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Average-based versus High- and Low-Impact Indicators for the Evaluation of Scientific Distributions

  • Albarrán, Pedro
  • Ortuño-Ortín, Ignacio
  • Ruiz-Castillo, Javier

Albarrán et al. (2009a ) introduced a novel methodology for the evaluation of citation distributions consisting of a pair of high- and a low-impact measures defined over the set of articles with citations below or above a critical citation level CCL. Albarrán et al. (2009b ) presented the first empirical applications to a situation in which the world citation distribution in 22 scientific fields is partitioned into three geographical areas: the U.S., the European Union, and the rest of the world. In this paper, we compare our results with those obtained with average-based indicators. For reasonable CCLs, such as the 80th percentile of the world citation distribution in each field, the cardinal differences between the results obtained with our high-impact index and the mean citation rate are of a large order of magnitude. When, in addition, the percentage in the top 5% of most cited articles or the percentage of uncited articles are used, there are still important quantitative differences with respect to the high- and low-impact indicators advocated in our approach when the CCL is fixed at the 80th or the 95th percentile.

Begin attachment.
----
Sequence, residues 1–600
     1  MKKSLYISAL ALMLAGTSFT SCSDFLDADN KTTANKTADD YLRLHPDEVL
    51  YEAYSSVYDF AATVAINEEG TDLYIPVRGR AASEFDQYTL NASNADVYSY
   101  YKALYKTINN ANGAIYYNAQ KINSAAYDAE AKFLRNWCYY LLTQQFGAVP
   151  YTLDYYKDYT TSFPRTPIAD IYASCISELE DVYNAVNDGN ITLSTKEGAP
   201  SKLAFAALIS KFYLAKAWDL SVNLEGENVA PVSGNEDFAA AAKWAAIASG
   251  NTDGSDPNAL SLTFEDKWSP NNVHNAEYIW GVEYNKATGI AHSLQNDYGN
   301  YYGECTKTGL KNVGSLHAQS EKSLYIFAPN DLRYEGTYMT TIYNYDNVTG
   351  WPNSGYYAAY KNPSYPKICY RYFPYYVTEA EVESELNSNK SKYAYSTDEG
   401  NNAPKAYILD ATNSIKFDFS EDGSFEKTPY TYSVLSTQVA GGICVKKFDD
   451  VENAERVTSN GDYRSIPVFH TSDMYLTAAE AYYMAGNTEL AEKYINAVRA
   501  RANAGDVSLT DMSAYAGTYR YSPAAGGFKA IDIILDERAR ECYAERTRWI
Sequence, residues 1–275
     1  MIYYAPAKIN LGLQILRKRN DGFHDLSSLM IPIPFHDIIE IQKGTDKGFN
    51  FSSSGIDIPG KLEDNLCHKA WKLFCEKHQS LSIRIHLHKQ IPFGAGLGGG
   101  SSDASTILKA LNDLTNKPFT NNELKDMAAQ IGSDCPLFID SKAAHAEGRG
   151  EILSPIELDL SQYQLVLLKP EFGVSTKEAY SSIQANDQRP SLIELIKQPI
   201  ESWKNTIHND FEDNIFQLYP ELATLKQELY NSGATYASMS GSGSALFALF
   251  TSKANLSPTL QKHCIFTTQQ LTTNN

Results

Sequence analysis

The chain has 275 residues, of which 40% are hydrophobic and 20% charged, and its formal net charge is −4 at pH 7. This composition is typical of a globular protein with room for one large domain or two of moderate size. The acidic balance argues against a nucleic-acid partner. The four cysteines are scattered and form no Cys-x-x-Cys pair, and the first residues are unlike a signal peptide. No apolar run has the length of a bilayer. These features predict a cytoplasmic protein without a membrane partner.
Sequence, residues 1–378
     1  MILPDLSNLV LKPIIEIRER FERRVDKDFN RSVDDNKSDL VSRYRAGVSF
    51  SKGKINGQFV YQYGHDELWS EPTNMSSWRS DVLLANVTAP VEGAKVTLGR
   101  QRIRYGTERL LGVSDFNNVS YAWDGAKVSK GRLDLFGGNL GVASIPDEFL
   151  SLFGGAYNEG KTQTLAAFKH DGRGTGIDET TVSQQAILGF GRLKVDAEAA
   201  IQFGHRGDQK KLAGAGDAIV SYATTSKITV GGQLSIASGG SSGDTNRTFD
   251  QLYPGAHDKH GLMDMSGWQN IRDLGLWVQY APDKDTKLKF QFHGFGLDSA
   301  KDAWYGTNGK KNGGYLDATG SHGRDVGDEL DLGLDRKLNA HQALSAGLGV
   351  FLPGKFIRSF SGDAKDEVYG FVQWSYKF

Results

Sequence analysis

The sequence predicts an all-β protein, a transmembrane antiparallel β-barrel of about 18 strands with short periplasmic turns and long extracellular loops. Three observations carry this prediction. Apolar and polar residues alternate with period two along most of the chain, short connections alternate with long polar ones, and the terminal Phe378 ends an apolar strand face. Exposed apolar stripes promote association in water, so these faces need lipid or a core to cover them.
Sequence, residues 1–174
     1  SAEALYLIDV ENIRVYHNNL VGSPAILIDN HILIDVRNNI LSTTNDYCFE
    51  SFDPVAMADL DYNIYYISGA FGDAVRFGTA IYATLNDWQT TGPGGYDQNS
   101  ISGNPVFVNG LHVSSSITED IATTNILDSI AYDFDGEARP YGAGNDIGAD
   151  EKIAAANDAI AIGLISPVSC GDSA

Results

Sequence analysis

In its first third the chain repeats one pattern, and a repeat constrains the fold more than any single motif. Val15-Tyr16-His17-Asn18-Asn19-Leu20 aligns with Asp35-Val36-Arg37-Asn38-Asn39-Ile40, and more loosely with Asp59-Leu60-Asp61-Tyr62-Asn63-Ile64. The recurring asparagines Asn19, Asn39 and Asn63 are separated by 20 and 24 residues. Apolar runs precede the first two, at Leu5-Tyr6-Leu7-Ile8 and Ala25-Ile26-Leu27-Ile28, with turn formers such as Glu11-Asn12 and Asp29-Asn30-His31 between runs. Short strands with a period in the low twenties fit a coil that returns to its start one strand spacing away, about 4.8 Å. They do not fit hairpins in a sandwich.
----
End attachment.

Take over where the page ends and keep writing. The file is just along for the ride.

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Paper provided by C.E.P.R. Discussion Papers in its series CEPR Discussion Papers with number 7887.

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Date of creation: Jun 2010
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Handle: RePEc:cpr:ceprdp:7887
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  1. Pedro Albarran & Ignacio Ortuno & Javier Ruiz-Castillo, 2009. "The measurement of low- and high-impact in citation distributions: technical results," Economics Working Papers we095735, Universidad Carlos III, Departamento de Economía.
  2. Pedro Albarrán & Juan A. Crespo & Ignacio Ortuño & Javier Ruiz-Castillo, 2011. "The skewness of science in 219 sub-fields and a number of aggregates," Economics Working Papers we1109, Universidad Carlos III, Departamento de Economía.
  3. Pedro Albarrán & Joan Crespo & Ignacio Ortuño & Javier Ruiz-Castillo, 2009. "A comparison of the scientific performance of the U. S. and the European Union at the turn of the XXI century," Economics Working Papers we095534, Universidad Carlos III, Departamento de Economía.
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